It was not an abstract legality, but rather based on the link between the divinity and the Indo-European sovereign, as vicar. The loss of the sovereign’s aura subverts the social order, or rather, introduces a state of exception, which requires a heroic act, such as those performed by the protagonists of Ferdowsi’s Book of Kings to re-establish said order.

It will be Henry Corbin (1903-1978) one of the greatest experts in the currents of Shiism who will undertake the translation of the main works of Sohravardī from Persian into French, making it possible for their dissemination in the West. Influenced by Heidegger’s concept of hermeneutics, as it appears in the work Sein und Zeit (Being and Time), understood as the act of understanding a text in an experiential sense, from the being, Corbin will discover in this way that said deep similarity is experienced through a universal language based on what he would call the creative imagination, the universal archetypes that provide us with bridges to give presence to knowledge (gnosis) that is veiled. Few authors in Persian mysticism have shown such a deep knowledge of symbolism as Sohravardī, who will make use of the apparently very simple stories or parables, which, through the use of percussive images, will open the door to the reader that will lead him to the universal language of imagination.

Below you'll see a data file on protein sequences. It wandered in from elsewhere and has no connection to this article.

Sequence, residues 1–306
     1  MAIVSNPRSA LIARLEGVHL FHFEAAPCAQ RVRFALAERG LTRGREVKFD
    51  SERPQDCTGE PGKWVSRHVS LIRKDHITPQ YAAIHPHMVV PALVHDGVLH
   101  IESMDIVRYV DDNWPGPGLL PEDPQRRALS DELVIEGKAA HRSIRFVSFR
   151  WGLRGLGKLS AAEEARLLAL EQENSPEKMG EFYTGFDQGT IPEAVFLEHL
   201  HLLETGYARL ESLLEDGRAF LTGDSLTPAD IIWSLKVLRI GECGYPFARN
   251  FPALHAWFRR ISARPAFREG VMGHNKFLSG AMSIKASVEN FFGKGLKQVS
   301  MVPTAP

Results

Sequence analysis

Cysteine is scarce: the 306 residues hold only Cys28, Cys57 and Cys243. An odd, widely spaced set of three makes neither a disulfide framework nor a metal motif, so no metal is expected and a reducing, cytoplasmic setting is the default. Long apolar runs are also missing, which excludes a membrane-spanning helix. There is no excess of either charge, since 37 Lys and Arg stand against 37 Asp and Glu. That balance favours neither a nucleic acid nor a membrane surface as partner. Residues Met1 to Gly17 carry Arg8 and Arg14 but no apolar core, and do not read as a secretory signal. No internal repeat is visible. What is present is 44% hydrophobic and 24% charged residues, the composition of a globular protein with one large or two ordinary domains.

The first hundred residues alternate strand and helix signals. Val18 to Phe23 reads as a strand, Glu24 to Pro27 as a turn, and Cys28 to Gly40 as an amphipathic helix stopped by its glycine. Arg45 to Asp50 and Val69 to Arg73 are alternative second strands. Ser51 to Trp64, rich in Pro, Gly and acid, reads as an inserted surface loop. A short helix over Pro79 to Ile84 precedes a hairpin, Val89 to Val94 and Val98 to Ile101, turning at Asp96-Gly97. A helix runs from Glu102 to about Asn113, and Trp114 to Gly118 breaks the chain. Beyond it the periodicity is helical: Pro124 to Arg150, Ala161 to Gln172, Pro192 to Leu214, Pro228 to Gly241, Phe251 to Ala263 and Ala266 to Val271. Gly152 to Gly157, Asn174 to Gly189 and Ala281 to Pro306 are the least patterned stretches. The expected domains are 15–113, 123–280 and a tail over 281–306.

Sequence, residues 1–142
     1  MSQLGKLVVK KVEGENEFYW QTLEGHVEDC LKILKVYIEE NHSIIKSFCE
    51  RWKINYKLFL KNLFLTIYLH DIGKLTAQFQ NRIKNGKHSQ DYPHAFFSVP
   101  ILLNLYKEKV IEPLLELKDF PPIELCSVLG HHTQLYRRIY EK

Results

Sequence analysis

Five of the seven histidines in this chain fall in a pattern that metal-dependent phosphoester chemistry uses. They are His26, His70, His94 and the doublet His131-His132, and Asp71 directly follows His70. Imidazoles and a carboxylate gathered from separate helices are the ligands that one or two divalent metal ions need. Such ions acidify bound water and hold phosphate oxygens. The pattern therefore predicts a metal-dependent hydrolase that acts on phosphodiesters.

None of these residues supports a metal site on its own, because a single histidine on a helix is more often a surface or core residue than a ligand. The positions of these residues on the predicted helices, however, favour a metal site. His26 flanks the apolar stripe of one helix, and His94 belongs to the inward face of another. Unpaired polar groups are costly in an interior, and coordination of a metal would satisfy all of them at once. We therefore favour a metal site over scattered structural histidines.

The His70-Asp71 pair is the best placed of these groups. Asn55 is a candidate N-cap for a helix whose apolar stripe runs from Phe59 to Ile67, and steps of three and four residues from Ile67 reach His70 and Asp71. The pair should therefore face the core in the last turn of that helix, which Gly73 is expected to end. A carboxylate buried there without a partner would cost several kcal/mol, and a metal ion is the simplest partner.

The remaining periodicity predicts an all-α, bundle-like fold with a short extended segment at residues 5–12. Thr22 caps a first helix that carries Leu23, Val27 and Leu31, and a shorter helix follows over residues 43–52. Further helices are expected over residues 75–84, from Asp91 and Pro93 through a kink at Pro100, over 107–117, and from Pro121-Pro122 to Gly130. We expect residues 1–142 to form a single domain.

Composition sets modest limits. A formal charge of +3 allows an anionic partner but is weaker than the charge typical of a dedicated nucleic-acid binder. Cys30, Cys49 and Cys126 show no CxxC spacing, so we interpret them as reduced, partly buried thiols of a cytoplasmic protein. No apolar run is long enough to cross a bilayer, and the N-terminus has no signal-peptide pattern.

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Although much of Sohravardī’s work has not yet been translated into Spanish, we have the opportunity to read three accounts that are very representative of the thought of this author. Interested readers will be able to deepen their thinking by going to the original text “L’archange empoupré, quinze traités et récits mystiques” published by Fayard (1976) with a magnificent introduction by the translator himself, Henry Corbin. We have an excellent translation from French by Agustín López Tobajas of three stories from the original text, including El arcángel teñido de púrpura que da nombre a esta antología, El rumor de las alas de Gabriel y El Relato del exilio occidental:

Sihaboddin Yahya Sohravardi – “El encuentro con el ángel. Tres relatos visionarios comentados y anotados por Henri Corbin”(Trotta editorial, 2002)